most emacs major modes have “hooks” mechanism. It means, you can have emacs automatically run some code, whenever the mode is loaded.
Here’s a example:
(add-hook ‘org-mode-hook ‘soft-wrap-lines) ; make org-mode wrap long lines
(defun soft-wrap-lines ()
“Make lines wrap at window edge and on word boundary,
in current buffer.”
(setq truncate-lines nil)
(setq word-wrap t)
another example, adding some personal keys to a major mode.
(add-hook ‘org-mode-hook ‘xah-org-mode-keys)
(defun xah-org-mode-keys ()
“my keybindings for org-mode. For `org-mode-hook’.”
(local-set-key (kbd “<M-up>”) ‘org-metaup)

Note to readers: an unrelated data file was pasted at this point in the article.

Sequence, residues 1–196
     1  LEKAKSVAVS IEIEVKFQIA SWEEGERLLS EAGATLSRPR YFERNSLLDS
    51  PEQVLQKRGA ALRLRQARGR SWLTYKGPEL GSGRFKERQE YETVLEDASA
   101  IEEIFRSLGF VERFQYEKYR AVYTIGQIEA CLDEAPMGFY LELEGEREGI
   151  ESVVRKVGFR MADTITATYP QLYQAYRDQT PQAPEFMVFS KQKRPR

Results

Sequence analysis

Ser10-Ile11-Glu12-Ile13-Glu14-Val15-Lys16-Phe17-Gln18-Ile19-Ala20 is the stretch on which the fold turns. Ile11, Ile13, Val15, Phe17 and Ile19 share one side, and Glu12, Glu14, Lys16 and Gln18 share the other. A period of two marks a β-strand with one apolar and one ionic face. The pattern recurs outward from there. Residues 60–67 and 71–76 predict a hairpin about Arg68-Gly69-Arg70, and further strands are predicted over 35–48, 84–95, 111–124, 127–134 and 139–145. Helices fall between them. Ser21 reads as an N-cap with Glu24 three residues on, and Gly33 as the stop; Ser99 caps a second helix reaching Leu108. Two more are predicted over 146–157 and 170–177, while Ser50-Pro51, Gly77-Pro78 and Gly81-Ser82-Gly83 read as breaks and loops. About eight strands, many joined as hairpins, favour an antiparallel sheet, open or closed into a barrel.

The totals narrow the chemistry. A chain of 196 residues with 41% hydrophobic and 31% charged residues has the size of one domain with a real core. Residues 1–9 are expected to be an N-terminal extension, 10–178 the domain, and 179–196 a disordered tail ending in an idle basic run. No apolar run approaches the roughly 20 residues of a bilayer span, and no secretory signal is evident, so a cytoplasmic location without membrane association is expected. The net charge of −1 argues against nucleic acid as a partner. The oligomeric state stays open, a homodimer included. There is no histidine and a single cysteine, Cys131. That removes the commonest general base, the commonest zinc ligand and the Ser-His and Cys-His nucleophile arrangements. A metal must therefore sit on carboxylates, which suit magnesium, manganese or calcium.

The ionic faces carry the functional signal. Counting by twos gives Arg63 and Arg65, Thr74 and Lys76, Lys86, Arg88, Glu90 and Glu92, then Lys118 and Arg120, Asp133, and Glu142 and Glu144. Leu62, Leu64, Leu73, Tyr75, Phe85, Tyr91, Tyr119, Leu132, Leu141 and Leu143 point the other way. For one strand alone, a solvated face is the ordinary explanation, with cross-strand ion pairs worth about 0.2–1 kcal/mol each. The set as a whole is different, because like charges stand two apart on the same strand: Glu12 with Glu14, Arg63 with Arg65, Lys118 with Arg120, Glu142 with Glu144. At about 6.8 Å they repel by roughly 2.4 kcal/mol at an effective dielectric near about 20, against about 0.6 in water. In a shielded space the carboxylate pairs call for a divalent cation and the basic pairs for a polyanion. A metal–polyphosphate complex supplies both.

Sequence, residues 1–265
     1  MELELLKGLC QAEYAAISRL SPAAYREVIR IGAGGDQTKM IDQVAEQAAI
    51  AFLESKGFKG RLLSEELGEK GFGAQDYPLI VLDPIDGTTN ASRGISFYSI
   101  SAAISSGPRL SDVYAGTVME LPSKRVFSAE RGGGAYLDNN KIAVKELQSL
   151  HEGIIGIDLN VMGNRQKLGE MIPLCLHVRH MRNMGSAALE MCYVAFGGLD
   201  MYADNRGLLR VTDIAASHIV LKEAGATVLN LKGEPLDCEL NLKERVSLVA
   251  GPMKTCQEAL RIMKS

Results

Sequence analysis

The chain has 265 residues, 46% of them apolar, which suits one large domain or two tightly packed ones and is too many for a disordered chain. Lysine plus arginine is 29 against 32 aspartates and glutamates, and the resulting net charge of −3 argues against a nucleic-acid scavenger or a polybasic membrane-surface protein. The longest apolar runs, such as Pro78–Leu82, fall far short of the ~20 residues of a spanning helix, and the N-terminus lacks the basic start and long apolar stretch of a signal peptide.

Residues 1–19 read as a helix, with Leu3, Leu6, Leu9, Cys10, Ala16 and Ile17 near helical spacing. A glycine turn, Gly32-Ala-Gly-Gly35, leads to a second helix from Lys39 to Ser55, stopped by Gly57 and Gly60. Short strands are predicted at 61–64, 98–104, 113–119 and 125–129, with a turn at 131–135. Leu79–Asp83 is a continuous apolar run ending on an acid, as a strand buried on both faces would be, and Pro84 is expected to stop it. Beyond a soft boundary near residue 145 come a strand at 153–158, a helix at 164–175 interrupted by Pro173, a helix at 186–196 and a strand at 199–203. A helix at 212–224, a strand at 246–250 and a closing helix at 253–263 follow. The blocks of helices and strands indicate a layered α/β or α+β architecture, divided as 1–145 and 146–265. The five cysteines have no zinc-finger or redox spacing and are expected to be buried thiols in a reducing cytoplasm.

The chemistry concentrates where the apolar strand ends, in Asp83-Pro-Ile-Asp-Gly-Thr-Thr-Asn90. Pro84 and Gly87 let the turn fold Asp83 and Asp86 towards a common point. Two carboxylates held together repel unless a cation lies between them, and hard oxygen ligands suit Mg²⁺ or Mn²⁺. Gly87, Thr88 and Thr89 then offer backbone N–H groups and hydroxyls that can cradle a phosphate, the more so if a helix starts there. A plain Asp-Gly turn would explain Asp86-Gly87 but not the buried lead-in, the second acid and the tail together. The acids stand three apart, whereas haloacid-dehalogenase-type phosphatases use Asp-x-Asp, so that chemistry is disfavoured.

(local-set-key (kbd “<M-down>”) ‘org-metadown)
(local-set-key (kbd “<M-left>”) ‘org-metaleft)
(local-set-key (kbd “<M-right>”) ‘org-metaright)
typically, if a mode is named “xyz-mode”, its hook is usually named “xyz-mode-hook”. You can find out for sure by loading the mode first, then call “describe-variable” on the hook name. Or, call “describe-function” on “xyz-mode” and go to the code and do a “list-matching-lines” for the word “hook”.
to elisp, a hook is basically just a variable, pre-defined in a major mode. The value of this variable is a list of symbols (function names). When a major mode is loaded, emacs will run all the functions.
You can look at the value of a hook anytime by calling “describe-variable”.
now, whenever you want to remove some hooks, you can do this:
(remove-hook ‘org-mode-hook ‘soft-wrap-lines)
select the line, and call “eval-region”.
whenever you made changes to the hook, you usually need to reload the mode for it to be in effect. Fastest way is simply to re-open that file.